With a little help from the internet I discovered a 24-hour Super Wal-Mart in Fort Pierce, right off of I-95. We do not like Wal-Mart. We do not shop at Wal-Mart. For this one time, we made an exception, because it was exactly what we needed: it was on the way from the airport to the hotel, it was open late, and we were able to get everything we needed in one location. That means food, utensils, sunscreen, snacks, fruit, juice – hell, they even had soy milk. We had a list and we were in and out of the store in about 20 minutes. I cannot tell you how glad we were that we did this and unless we win the lottery soon, we will do this the next time we go to Spring Training.

The next time we go, I would add the following items to our arrival shopping list:
–Pillows (I would bring pillowcases from home)
–A cheap fleece blanket
::Budget hotels are kind of skimpy in those departments.
–Beach towels
–A throwaway styrofoam cooler (we brought our collapsable cooler bag but having another one to keep in the car is essential)

If you don’t like Wal-Mart there are plenty of grocery stores in the area, and a Target and/or CVS/Walgreens-type places around, but they’re not open 24 hours.


7:00: Alarm, breakfast
8:30 Get in the car
8:50 Arrive at Tradition Field.
9:00 Fields open for Open Workouts
11:00am (or earlier) Practice fields close
11-12: Nap in car
12:00: Enter Tradition Field
1:00-4pm: Game
4-5pm: Get back to motel (note: there were traffic jams all days we left.)
5-6pm: Nap, shower
7-10pm: Dinner
10-11pm: Download photos from camera, update web site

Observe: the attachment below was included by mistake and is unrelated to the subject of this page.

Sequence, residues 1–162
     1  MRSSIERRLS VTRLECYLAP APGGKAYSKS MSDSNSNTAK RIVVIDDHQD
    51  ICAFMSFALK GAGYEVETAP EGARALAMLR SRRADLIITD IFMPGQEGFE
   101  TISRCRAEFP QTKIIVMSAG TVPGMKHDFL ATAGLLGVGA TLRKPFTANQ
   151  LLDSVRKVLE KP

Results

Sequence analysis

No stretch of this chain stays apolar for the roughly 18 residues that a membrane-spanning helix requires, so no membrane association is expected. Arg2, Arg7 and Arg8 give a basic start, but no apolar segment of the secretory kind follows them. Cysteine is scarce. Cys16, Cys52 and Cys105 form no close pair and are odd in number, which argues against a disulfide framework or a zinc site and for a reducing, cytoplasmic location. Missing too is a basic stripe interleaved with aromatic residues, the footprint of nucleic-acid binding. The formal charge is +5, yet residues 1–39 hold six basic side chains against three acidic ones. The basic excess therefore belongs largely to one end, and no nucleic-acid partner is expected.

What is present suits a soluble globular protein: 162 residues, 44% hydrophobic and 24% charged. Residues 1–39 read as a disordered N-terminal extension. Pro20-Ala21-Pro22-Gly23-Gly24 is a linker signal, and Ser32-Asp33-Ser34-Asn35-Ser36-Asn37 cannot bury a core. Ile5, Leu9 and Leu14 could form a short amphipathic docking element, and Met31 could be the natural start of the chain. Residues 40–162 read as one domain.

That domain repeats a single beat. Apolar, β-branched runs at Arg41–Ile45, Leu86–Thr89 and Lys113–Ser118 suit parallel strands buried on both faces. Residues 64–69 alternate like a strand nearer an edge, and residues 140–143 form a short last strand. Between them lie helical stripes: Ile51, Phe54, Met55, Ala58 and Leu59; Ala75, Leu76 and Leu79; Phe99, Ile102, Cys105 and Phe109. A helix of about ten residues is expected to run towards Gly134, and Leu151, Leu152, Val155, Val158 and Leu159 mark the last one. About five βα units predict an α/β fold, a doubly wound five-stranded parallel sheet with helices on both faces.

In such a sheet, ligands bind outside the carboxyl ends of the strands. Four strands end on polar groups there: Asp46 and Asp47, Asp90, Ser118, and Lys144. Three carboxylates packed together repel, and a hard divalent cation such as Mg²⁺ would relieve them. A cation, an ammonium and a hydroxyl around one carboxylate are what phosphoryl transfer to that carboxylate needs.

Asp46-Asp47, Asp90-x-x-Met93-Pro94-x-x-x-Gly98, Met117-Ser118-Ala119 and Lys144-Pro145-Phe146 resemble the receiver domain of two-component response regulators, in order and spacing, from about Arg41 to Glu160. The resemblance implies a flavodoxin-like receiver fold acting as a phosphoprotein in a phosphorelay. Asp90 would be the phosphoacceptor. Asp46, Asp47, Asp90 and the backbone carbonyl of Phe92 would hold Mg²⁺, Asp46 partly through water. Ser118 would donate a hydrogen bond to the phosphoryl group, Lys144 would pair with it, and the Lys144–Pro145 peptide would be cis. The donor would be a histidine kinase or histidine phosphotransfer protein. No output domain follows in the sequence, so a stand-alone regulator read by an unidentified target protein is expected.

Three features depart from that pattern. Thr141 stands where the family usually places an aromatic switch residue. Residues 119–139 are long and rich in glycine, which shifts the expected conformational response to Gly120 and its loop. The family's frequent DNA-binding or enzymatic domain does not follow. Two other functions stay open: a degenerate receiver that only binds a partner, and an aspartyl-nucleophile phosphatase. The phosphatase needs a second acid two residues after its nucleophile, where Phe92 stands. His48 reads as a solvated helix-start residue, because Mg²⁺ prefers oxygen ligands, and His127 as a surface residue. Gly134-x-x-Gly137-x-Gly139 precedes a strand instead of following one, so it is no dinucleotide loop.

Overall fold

11:01pm: SLEEP.

Your mileage may vary, of course. We are usually big night owls but we were just exhausted. We had talked about going to WPB for dinner, or up to Orlando, or even just sitting outside and drinking beer in the parking lot, but the truth was that we were just too damn tired. You, however, may have more energy than we do, or may wish to make your trip less baseball-centric.


Parking is not free. I do not remember how much it cost, and imagine someone will elaborate in the comments. Tip: if you are just coming for workouts and not staying for the game, the parking attendants will refund your money as you leave. (TBF: “Wow, that’s the only fan-friendly thing I’ve ever see the Mets do.”)

As you drive in, to your left you will see a small sign indicating the public path to the workout areas. You will likely see a group of people congregating around a gate waiting. That is where you need to go.

A security guard will give you a polite lecture about basically not being a jerk. 75% of the people will completely disregard his requests.

When the gate opens, walk as quickly as possible. To your right is the main workout field. Go to the end of the path, take a right, and then at the end of that path, another right. You will see a chain link fence with a yellow plastic pipe on the top of it. Go there as quickly as possible and stake out a space. You can leave later, but if you don’t give yourself the option initially you will regret it later, especially if you are there to take photographs.

The fence hit me just under my chin. I could barely get my arms over to get the camera focused. I imagine it is because People Are Stupid and they want to make sure no one does something dumb during workouts.

If you are there during prime time, the Mets will position themselves for workouts so the most popular players (or at least David Wright) is closest to the fans. Conversely, Carlos Beltran is buried in the middle of the group.